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post #5 of Old 08-07-2001
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To Jeff H

Swings keels are a good compromise for shoal draft and trailer sailing. In the full down they are pretty efficient and a lead swing keel should provide reasonable stability. I have never heard of one being done in lead. Most that I know of are cast iron. (You might check yours with a magnet.)

There are some negatives. I don''t recommend them in really rough conditions. I have been out in the Atlantic at the mouth of the Wilmington River in a small Venture with a swing keel, when we were hit by some particularly big waves and rolled onto beams ends far enough that the swing keel slammed shut. It did damage to the boat and certainly didn''t do our nerves any good. Some boats the swing keel can be locked down but this is not always the case. Depending on the design of the pivot they can bang around quite a bit in sloppy conditions and when on the hook. On boats with cast iron swing keels the keel needs to be maintained to prevent rust. Inspecting the pivot area of the swing keel for deterioration should be routine maintenance; as should replacing the lifting cable.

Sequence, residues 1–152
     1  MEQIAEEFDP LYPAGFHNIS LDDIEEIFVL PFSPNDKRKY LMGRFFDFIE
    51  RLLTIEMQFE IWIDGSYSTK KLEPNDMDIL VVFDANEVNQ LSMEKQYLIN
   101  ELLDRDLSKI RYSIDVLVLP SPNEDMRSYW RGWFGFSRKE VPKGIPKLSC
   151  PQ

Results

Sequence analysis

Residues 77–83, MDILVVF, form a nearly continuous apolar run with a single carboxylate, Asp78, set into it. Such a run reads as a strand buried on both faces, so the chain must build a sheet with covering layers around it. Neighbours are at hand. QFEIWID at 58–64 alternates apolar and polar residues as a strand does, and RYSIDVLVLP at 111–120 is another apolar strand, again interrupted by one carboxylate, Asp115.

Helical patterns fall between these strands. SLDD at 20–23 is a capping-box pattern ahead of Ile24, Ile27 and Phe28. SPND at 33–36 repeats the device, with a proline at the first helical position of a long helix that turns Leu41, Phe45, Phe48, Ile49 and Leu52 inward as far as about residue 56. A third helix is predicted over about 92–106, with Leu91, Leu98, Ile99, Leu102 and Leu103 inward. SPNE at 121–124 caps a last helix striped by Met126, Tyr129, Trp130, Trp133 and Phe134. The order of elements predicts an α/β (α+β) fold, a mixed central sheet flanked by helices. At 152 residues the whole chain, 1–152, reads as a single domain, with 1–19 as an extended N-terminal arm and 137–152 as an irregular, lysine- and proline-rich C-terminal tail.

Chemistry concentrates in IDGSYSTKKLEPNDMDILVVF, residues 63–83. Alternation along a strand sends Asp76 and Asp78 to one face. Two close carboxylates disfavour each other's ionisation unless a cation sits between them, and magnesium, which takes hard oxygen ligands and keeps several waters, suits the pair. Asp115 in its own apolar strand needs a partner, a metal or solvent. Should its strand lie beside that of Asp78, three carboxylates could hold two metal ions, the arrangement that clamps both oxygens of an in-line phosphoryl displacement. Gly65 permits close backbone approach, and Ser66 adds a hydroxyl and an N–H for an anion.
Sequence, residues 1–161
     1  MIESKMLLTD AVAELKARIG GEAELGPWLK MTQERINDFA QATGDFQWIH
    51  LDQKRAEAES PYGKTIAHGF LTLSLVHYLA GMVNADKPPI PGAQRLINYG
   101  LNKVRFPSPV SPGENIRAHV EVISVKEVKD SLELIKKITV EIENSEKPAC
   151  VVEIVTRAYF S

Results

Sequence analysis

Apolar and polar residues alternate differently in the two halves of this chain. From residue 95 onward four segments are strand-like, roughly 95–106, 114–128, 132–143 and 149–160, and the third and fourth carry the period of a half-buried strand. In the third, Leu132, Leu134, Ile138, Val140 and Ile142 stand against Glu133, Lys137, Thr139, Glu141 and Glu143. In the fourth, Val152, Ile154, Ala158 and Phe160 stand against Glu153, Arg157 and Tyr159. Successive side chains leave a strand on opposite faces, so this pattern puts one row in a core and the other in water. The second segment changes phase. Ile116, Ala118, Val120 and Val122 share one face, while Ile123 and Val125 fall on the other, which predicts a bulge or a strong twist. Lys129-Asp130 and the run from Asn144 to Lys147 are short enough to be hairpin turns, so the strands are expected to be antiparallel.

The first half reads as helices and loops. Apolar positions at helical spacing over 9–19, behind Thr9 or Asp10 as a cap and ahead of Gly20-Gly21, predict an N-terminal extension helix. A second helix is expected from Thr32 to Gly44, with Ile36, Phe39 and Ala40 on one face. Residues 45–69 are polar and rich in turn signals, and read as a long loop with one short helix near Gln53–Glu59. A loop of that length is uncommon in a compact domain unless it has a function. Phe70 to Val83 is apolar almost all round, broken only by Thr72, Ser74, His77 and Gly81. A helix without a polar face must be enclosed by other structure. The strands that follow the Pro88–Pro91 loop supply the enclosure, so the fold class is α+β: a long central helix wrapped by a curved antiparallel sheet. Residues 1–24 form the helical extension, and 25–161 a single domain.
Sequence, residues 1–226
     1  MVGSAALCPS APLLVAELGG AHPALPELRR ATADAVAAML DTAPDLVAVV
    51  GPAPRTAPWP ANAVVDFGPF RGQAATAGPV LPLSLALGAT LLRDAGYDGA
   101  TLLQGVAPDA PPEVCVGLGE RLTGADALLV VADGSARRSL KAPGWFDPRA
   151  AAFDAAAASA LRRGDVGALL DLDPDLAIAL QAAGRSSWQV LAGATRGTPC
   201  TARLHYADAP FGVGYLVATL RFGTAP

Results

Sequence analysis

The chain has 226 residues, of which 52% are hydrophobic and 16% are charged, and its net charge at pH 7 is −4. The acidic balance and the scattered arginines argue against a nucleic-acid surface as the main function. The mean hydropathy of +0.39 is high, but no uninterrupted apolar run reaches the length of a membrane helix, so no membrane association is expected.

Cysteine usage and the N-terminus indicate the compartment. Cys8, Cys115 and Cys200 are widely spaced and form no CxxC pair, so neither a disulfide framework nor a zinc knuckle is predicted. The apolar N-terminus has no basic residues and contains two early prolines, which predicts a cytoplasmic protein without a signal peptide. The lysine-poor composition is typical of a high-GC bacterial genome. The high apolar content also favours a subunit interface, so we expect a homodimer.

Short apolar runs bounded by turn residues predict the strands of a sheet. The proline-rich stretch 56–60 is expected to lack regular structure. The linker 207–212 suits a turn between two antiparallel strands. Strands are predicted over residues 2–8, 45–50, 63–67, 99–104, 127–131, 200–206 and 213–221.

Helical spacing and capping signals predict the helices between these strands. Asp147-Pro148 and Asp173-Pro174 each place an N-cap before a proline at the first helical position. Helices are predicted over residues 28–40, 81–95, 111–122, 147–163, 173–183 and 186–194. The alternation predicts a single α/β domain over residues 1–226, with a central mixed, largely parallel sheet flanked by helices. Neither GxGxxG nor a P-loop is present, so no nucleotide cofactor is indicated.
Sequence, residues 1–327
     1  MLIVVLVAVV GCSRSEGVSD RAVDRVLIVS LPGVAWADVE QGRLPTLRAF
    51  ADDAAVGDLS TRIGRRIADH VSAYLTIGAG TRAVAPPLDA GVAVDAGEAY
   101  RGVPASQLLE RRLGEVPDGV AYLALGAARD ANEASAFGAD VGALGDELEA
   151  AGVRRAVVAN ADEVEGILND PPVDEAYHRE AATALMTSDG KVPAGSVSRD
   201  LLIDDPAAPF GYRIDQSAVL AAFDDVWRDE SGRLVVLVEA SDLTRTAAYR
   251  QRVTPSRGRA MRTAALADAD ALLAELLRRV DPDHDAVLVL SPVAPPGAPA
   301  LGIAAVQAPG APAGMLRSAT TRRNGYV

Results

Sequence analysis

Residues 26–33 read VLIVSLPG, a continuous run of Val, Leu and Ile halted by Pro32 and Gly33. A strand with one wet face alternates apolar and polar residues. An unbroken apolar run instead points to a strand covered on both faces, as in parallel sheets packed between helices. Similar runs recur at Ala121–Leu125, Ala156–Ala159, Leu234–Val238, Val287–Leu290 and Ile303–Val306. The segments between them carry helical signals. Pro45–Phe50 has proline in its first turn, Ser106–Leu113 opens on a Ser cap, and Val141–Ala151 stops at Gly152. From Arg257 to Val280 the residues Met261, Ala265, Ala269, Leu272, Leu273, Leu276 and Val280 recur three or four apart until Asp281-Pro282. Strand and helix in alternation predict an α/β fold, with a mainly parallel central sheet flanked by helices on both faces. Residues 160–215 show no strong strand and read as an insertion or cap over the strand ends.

Used properly swing keel boats offer a lot of options for explosing shallow corners of the world that their fixed keel bretheren can''t get to, but like so many aspects of sailing, this comes with some compromises.

Congratulations on your new boat.
Fair winds and great sailing,
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